All Payer Claim Database

​​​​​​A new and comprehensive database of healthcare claims paid in the state of Georgia will help identify disease trends, provide information for making public policy decisions, facilitate new research – and offer a way for consumers to determine the average cost of common procedures such as knee replacement or diagnostic testing such as MRIs.

Administered by GTRI’s Health Emerging and Advanced Technologies Division (HEAT-D) the Georgia All-Payer Claims Database (GAPCD) will move Georgia into the ranks of more than two dozen states that provide such a pathway to healthcare cost and quality transparency. Scheduled to launch officially by January 2023, the GAPCD will include de-identified data from patients and most public and large private payers of healthcare costs.

In other states, similar systems have provided crucial insights into the health of state residents and helped guide efforts aimed at reducing tobacco or opioid use and battling specific health issues. The database may also generate research that informs the state’s healthcare professionals in selecting the best treatments for Georgians dealing with such common problems as high blood pressure or lower back pain.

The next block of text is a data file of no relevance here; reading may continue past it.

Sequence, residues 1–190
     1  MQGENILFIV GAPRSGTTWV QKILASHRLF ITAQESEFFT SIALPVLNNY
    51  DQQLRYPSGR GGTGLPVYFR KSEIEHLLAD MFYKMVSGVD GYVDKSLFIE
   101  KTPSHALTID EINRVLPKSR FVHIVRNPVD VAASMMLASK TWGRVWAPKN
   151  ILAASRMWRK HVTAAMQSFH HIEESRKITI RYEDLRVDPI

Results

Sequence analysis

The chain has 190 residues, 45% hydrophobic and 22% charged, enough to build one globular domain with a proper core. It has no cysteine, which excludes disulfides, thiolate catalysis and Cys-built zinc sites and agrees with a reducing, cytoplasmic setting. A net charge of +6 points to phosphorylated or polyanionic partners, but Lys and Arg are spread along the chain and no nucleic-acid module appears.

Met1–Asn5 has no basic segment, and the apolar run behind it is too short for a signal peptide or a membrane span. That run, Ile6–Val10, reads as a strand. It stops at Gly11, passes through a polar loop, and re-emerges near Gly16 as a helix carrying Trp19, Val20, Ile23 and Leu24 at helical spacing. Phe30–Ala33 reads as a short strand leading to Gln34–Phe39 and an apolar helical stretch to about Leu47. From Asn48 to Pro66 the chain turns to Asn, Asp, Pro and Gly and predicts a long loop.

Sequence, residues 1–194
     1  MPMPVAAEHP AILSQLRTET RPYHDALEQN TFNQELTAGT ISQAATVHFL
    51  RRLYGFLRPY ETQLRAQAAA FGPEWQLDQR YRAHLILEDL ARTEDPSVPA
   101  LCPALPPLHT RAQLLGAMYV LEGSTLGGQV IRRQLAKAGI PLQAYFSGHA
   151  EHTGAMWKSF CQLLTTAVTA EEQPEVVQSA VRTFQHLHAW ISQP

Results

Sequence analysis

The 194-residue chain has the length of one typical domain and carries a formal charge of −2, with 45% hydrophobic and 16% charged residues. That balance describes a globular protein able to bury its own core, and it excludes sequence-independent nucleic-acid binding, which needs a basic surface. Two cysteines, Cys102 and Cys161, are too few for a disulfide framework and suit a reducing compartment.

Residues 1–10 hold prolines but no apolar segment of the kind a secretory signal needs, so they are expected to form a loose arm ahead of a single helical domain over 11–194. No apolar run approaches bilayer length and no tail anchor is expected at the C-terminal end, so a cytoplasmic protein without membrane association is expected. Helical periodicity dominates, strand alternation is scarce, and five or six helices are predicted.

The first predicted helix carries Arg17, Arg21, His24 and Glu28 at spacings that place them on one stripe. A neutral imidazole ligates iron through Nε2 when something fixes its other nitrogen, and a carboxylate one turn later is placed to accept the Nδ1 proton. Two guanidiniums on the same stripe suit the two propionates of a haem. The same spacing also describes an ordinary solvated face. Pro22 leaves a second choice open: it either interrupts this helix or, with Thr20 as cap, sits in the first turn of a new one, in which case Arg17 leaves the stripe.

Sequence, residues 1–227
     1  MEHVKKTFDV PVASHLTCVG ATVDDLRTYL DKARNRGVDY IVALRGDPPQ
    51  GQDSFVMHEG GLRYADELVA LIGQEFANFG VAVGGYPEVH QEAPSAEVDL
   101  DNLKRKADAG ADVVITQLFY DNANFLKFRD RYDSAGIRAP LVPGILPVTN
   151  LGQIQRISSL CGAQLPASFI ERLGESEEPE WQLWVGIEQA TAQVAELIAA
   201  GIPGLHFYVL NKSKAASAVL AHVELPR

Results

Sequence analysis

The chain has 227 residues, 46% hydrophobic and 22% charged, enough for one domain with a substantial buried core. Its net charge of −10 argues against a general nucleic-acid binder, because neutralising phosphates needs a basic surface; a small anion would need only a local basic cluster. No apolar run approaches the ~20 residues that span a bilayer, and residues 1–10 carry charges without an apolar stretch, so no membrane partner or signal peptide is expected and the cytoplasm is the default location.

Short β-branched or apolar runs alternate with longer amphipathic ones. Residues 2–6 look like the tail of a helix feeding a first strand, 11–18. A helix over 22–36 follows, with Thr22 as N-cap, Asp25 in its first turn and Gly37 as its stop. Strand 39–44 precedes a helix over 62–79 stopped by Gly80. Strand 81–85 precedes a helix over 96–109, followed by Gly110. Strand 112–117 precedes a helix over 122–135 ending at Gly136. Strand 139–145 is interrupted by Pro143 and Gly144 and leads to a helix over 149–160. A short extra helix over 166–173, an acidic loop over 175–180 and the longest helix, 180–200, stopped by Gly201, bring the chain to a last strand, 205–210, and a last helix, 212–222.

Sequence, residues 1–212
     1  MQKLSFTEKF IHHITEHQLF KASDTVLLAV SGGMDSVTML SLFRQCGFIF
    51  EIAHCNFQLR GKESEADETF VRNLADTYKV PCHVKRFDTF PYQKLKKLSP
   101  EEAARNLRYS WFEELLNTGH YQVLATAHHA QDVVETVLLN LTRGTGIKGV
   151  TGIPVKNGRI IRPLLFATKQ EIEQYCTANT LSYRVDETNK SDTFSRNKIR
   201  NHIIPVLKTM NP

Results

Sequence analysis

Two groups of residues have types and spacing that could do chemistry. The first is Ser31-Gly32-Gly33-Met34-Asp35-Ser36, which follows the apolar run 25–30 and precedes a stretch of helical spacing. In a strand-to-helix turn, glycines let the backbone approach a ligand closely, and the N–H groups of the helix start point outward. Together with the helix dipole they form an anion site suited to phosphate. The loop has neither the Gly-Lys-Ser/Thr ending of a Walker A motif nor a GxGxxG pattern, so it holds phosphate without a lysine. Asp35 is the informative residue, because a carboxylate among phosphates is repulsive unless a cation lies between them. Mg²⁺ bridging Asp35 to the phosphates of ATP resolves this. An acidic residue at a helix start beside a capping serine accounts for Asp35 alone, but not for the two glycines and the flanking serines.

Beyond the policy and treatment issues, the GAPCD will help provide information for consumers considering elective procedures such as knee or hip replacement, and common diagnostic tests such as MRIs and CT scans. It will also provide a measure of the outcomes from procedures to help patients and healthcare professionals determine, for example, whether medication or physical therapy might be the best approach to addressing a specific condition. For university researchers, the database will provide a new source of data on the health of millions of Georgia citizens.

The GAPCD was created by the Georgia General Assembly in 2020. The legislation mandated an advisory council composed of healthcare providers, insurance companies, legislators, state health agencies and other stakeholders with an interest in its operation.

Health insurance companies and other payers will be contributing data to the system. Identifying information will be removed from the data and security protocols will be put into place to protect patient privacy. GTRI already has extensive experience with cybersecurity, and has put together large information systems for the Georgia Department of Community Health, U.S. Department of Defense, national law enforcement agencies and other state and national organizations.